Monthly Archives: September 2014

When is the right time for editing

The right time for editing depends on what type of editing you need. If you are paying for editing, you probably want to minimise the number of rounds of editing, while ensuring a high quality final product.

A document may need some or all of these major types of editing.

  • Structural editing, advising on structure, content and style to clearly communicate the right message to the right audience, can be done on early drafts of a document.
  • Copy editing, checking for consistency in format and style and correct spelling and grammar, can be done closer to the due date. If there are many changes suggested, several rounds of checking may be needed.
  • Proofreading, checking a manuscript against the “proof” or version to be printed, is done after the copy edited text and other items have been passed to a designer or printer for layout.

Here are some tips to consider:

  • Do as much as you can before passing your document to an editor.
  • Be clear about the type of editing you need.
  • Be realistic about the editing timeframe and allow time to make and check changes.
  • Remember, as noted in a previous post, changes made at the last minute can be more likely to have mistakes for several reasons. Best to avoid a major restructure or rewrite the night before the due date.

Creating a table of contents – the easy way

After finishing a long document, no-one wants to type a table of contents and get all the headings and page numbers right manually. Create a table of contents the easy way by applying styles to each heading in your Word document and auto-generating the table of contents. Follow these steps.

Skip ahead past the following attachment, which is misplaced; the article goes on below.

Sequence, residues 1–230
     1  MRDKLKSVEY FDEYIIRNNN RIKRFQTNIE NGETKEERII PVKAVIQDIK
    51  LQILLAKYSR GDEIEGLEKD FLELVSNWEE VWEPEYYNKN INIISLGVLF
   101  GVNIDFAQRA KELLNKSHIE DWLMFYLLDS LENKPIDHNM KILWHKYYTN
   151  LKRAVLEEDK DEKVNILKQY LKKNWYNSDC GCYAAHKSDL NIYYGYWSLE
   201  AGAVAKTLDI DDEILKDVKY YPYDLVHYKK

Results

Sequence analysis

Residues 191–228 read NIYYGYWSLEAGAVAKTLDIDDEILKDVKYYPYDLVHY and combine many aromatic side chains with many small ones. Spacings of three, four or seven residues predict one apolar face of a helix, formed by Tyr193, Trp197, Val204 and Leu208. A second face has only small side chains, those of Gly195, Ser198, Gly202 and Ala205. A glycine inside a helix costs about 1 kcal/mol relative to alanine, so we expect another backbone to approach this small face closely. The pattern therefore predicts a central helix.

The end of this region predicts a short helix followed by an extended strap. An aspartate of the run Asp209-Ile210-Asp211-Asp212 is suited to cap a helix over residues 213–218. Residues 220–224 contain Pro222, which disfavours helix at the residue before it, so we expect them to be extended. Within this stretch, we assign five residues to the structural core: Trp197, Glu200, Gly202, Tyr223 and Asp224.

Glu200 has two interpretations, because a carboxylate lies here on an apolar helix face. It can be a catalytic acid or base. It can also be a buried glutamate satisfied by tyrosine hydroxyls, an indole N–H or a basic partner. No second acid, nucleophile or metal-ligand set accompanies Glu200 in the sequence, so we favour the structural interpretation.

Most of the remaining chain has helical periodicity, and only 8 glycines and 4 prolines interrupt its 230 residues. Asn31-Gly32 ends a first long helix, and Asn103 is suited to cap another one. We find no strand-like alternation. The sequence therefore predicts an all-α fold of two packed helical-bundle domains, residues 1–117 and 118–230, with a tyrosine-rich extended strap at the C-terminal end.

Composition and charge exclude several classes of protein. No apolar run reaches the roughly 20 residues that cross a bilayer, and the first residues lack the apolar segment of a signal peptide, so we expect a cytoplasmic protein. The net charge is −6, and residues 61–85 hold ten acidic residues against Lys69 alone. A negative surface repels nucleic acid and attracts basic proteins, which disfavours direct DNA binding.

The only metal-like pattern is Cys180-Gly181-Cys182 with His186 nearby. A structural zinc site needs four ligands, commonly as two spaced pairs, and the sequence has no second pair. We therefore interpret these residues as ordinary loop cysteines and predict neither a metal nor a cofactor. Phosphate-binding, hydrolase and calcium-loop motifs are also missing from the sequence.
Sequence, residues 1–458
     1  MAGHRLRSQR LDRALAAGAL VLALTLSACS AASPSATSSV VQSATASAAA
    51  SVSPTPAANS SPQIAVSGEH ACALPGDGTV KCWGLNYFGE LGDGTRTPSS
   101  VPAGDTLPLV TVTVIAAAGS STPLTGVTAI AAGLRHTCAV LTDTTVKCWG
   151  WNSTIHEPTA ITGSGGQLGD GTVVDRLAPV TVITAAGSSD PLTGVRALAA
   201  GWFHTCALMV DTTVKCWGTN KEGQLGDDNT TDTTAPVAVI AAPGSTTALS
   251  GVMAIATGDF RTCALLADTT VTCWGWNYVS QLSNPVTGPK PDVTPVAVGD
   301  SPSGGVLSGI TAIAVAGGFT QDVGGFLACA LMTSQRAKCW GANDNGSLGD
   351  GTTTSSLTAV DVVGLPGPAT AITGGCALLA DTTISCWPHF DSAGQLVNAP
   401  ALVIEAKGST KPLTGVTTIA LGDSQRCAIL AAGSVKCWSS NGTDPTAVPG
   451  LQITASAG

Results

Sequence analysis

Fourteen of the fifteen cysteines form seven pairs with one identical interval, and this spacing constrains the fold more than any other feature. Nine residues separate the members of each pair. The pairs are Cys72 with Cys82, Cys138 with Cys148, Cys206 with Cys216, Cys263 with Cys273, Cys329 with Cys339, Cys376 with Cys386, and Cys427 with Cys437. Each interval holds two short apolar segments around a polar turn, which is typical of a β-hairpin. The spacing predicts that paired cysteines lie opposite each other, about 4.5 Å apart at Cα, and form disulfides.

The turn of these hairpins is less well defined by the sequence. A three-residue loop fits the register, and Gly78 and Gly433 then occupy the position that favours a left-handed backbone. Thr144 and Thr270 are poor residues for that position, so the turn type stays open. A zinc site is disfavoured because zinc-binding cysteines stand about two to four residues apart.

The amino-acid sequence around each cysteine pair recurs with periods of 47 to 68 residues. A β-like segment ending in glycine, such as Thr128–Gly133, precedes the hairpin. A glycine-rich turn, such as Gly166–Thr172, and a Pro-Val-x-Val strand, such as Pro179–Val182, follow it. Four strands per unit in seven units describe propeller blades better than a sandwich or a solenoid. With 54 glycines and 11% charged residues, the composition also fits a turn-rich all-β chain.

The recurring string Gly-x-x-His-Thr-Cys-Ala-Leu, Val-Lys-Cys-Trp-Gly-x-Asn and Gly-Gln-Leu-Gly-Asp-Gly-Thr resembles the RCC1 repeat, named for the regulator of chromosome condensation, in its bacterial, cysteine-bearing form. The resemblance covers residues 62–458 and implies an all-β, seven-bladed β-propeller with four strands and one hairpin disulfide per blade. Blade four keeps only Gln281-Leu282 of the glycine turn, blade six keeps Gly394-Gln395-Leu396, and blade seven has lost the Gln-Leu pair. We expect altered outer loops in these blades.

• To apply styles to headings in your Word file, go to the Format menu, then Style. Apply heading 1 style to the chapter or section heading, heading 2 to the first subheading, then heading 3 to the next level of heading. You can modify the styles to change the look.
  • To generate your table of contents, go to the Insert menu, then Index and Tables, then Table of Contents.
  • To change the look of your table of contents, modify TOC1 style for heading 1 and TOC2 for heading 2. For instance, you could make the headings bold or adjust the spacing.

Check the table of contents to see if the headings are consistent and complete. If you change the headings in the document or make other changes, simply regenerate and replace the table of contents.

Use the same method to generate a list of tables and a list of figures by applying heading styles to table headings and figure headings.

Knowing how to auto-generate a table of contents makes working on long documents easier.